ABROAD STUDY: India is seen abroad as a place that produces high-caliber tech talent, and there’s good reason for that. Silicon Valley is teeming with Indian entrepreneurs, and some of the world’s biggest tech companies have Indian migrants at the helm. But it hides a dark side: most of the engineers being churned out by the thousands of colleges in India are not even employable. The ones who come to the limelight are mostly the cream from premier colleges like the IITs.
The bulk of engineers graduating every year in India has been brought out in a new study by talent assessment firm Aspiring Minds. It says over 36,000 engineering students from IT-related departments of more than 500 colleges took an automated test using machine learning.
The study says that only 4.77 percent of Indian student those who took the test were assessed to be employable in software development jobs. Two-thirds of the tested students could not even write code that compiles.
The 10-year-old Aspiring Minds, headquartered in Gurgaon, India, with operations in the US, Southeast Asia, the Middle East, and Africa, provides assessment and certification services to global clients like Amazon, Microsoft, GE, and Coca Cola. Backed by Omidyar Network, it also conducts an open certification test, AMCAT, which IT companies like Wipro use for entry-level hiring.
For the assessment of engineering students in this study, it used a tool called Automata. Candidates write solutions to programming problems which can be executed in a simulated compiler. It also uses machine learning (ML) to determine how close the candidate’s programming logic is to a possible solution.
Simpler tests grade solutions on the basis of the percentage of test cases where the code works, and do not look at the candidate’s thought process. Aspiring Minds says its ML-based test score has a Pearson correlation of 0.85 with that of an expert interviewer’s score, compared to 0.6 for a regular test score.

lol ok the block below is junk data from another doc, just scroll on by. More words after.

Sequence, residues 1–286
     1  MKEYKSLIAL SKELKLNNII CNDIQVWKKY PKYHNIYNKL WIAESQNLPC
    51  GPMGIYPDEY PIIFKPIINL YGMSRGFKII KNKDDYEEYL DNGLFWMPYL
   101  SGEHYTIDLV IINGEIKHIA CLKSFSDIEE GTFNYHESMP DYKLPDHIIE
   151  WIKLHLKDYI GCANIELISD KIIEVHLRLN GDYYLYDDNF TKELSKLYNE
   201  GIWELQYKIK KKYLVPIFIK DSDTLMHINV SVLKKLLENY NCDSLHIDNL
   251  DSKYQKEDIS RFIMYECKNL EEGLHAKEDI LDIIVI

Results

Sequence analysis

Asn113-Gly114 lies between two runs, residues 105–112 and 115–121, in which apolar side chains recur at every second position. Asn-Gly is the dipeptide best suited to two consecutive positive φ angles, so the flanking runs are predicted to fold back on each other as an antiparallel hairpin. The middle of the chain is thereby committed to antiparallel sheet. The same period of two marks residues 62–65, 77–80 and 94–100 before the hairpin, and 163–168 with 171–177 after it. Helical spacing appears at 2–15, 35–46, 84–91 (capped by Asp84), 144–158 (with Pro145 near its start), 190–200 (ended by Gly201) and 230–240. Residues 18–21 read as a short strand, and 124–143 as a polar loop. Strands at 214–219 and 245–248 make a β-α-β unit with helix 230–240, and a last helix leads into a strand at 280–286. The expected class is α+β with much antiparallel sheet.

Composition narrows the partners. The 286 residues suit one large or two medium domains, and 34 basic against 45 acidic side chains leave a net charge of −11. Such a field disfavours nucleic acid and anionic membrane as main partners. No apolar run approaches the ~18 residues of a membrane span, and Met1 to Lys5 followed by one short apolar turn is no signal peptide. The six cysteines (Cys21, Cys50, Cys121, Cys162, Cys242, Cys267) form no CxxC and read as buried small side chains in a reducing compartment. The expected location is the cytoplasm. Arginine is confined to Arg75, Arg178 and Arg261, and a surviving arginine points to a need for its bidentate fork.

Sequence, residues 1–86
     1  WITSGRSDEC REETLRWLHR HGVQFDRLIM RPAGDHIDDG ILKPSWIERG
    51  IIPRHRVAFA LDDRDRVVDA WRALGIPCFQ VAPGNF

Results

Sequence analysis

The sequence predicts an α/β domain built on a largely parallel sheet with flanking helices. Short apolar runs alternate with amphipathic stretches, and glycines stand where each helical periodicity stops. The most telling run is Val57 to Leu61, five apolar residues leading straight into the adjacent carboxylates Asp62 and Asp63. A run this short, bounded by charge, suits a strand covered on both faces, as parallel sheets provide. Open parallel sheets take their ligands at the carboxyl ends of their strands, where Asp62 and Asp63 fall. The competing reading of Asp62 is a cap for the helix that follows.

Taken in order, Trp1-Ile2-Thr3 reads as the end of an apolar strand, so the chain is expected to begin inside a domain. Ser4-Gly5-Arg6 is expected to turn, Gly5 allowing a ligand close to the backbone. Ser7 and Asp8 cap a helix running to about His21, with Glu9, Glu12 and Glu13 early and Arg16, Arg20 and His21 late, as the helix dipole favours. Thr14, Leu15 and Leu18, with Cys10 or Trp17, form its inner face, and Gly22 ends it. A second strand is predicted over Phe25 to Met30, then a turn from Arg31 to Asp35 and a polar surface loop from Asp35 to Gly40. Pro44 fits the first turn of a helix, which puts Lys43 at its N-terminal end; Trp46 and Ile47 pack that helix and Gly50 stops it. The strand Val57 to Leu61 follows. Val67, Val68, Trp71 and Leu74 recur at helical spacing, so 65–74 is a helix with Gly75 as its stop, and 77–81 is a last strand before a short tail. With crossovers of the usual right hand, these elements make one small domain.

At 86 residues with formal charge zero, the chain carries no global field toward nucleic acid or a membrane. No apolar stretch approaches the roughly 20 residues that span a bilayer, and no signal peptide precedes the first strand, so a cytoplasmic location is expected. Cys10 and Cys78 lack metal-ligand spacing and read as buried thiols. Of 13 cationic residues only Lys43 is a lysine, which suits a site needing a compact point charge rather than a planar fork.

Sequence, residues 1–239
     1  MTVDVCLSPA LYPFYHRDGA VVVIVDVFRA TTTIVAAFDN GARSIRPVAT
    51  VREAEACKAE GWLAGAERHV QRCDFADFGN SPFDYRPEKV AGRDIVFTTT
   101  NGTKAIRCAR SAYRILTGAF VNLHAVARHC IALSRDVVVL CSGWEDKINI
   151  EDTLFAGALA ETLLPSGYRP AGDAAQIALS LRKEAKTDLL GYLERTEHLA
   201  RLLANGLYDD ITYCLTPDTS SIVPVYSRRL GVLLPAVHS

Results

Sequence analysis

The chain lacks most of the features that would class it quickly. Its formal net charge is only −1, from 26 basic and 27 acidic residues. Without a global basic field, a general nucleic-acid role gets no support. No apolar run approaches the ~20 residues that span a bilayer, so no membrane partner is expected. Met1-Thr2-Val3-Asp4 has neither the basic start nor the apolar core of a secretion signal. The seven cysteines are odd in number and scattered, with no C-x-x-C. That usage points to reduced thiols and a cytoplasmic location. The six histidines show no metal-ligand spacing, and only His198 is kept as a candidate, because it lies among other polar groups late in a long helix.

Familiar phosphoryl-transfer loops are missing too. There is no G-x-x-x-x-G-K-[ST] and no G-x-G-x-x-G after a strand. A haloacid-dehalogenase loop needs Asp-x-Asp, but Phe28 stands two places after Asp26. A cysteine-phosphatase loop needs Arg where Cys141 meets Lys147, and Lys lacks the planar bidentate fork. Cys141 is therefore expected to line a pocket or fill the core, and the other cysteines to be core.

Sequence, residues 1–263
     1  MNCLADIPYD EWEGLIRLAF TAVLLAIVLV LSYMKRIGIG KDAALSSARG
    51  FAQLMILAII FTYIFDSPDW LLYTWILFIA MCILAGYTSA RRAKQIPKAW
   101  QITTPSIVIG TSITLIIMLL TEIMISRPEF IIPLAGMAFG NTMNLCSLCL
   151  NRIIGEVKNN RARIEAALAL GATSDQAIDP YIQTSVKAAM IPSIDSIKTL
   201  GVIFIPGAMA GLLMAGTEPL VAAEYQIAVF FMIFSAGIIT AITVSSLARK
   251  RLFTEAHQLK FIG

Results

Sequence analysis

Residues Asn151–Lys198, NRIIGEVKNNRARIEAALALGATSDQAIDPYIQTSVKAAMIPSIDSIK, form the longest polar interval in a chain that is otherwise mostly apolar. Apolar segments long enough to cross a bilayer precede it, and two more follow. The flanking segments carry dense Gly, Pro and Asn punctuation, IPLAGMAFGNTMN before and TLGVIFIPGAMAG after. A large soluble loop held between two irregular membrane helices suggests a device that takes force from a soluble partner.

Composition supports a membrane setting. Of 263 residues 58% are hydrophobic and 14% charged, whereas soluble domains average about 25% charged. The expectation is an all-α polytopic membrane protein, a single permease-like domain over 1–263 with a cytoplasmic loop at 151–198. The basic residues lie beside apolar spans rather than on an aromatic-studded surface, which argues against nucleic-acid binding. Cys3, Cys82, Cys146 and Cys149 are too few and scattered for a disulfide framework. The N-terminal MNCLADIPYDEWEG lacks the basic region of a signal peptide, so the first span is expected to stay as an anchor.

It’s not the first time reports have exposed the poor quality of students being churned out by the thousands of engineering colleges in India. The government is also considering a proposal to make a standardized exit test mandatory for all engineering students across the country.
But it’s the first time that less than 5 percent of indian students were found employable in such a big sample size of 36,000 students from 500 colleges. One caveat on the study is that even 5 percent of the engineers who graduate in India is a large number – but it does show the increasing inadequacy of most colleges.
India has a legacy of providing IT back-office services to the world which did not require a high level of skills. This is changing with the rise of entrepreneurship and innovation which require the talent to develop cloud-based software products, analytics, automation, and so on. So there appears to be a huge gap building up between today’s tech job requirements and the skill levels that most of the engineering colleges are providing.
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